Writes Amartya Sen, "Today as Europe struggles with the fear of population contraction rather than explosion, and all over the world evidence accumulates on the dramatic effects of education in general and women's education in particular in reducing the growth rate of population, Condorcet's appreciation of enlightenment and interactive understanding has received much more vindication than Malthus's dire cynicism."
In Pakistan, the current decade has sprung some pleasant surprises on the female education front. The scenario owes much to the enlightened-moderation philosophy of the previous government. Apart from the political mudslinging campaigns, it can be easily ascertained that the philosophy was more visible in the positive changes that took place in the field of female education. The available statistics reveal a number of encouraging trends in female education in a highly discouraging environment. The middle-stage female educational institutions recorded a growth of 50 per cent during the eight-year period 2000-08. This positive development at the grass root level bodes well for the female education. High-school-stage female institutions more than doubled during the same period. This is a development of great import as it reveals the rising level of demand for high-school education. Secondary Vocational Institutions (SVIs) after maintaining a low profile during the first four years suddenly recorded a rise of 479 per cent during 2004-05. This is yet another important development that demonstrates the women urge to join the mainstream economic activities instead of playing the dormant, traditional role of a homemaker.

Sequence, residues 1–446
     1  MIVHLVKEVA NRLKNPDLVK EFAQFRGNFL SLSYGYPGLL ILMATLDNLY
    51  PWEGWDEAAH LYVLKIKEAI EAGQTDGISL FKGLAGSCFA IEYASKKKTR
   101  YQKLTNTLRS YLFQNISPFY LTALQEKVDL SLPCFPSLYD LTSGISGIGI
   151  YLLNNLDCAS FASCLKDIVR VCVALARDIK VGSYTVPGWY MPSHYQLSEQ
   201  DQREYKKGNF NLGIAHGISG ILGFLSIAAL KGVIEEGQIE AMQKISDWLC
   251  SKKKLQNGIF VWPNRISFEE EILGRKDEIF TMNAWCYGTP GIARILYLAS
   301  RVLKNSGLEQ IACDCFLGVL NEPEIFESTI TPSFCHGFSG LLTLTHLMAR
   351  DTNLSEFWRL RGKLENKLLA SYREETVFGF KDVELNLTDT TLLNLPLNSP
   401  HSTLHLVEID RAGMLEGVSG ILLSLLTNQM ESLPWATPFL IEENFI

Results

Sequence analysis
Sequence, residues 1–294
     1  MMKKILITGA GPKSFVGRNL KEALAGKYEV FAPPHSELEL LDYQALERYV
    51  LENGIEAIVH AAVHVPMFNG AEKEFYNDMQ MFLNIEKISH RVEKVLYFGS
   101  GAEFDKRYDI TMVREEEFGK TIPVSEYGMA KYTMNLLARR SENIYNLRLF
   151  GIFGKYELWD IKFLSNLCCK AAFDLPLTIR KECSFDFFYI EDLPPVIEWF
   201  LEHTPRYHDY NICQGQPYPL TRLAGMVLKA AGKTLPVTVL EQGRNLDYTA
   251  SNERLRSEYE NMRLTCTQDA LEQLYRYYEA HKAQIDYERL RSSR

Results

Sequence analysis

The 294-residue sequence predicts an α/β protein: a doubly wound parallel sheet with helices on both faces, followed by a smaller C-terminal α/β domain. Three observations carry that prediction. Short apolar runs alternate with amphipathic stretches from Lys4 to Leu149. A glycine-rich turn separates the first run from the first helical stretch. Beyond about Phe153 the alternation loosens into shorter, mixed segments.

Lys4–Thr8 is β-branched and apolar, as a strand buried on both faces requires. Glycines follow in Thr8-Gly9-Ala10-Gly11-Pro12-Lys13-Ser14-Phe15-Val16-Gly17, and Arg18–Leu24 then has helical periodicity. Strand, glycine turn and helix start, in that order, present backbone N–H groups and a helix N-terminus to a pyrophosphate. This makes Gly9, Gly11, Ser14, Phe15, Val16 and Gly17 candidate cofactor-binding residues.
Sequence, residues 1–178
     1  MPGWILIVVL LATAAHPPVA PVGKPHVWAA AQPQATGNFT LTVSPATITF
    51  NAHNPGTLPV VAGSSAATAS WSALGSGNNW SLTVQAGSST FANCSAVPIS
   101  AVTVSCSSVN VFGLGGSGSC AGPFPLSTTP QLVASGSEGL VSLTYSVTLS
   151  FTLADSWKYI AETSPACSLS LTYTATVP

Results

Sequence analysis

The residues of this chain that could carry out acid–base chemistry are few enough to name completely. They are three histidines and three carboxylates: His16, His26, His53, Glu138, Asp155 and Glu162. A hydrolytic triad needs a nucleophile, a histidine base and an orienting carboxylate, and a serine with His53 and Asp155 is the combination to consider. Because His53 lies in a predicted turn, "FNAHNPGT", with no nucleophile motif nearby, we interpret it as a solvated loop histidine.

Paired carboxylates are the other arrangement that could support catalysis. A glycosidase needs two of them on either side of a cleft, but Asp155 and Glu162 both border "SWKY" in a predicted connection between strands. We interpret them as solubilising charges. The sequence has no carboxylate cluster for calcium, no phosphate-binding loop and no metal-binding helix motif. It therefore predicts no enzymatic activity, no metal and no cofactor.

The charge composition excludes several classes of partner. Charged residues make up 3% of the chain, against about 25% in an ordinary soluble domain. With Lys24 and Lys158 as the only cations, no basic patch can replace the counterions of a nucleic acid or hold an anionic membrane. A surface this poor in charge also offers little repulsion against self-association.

The view that women are better material when it comes to education was endorsed by Dr. Muhammad Hanif Memon, a specialist in Pediatrics and Assistant Professor at Hamdard University Hospital (HUH), Karachi. Dr. Hanif teaches 3rd, 4th and 5th year MBBS students. In a recent discussion with him on the subject of education in general and female education in particular, he said that as a latest development, girl students have started showing more commitment to their studies in comparison to their counterparts. He said that this factor alone is going to have a significant bearing on our nation building process which has been seriously hampered by indifferent education policies and dismal resource allocation. He traced a number of factors to the country's education mess including dual educational standards, lack of free and compulsory primary education, poor governance, low budget allocation, and high cost of good quality education.
He was critical of the outdated curriculum and antiquated teaching methods. According to him, problem-based learning through interactive process is what the modern day students need. For this purpose, the teacher will have to take the role of a facilitator rather than a lecture deliverer. The training of trainers, he pointed out, was yet another weak link in the education system. We have no proper organisation that could take responsibility of evaluating the capabilities of tutorial force and equipping it with modern teaching tools and techniques as and when required. While showing satisfaction with the progress women are making in the field of education, he emphasised the importance of female participation in economically productive activities so that the resources utilised to promote female education are reflected in nation's GDP in value-added form. If a woman chooses to sit back at home after acquiring a degree in medicines, it will be a substantial economic loss, though a great social achievement, he concluded.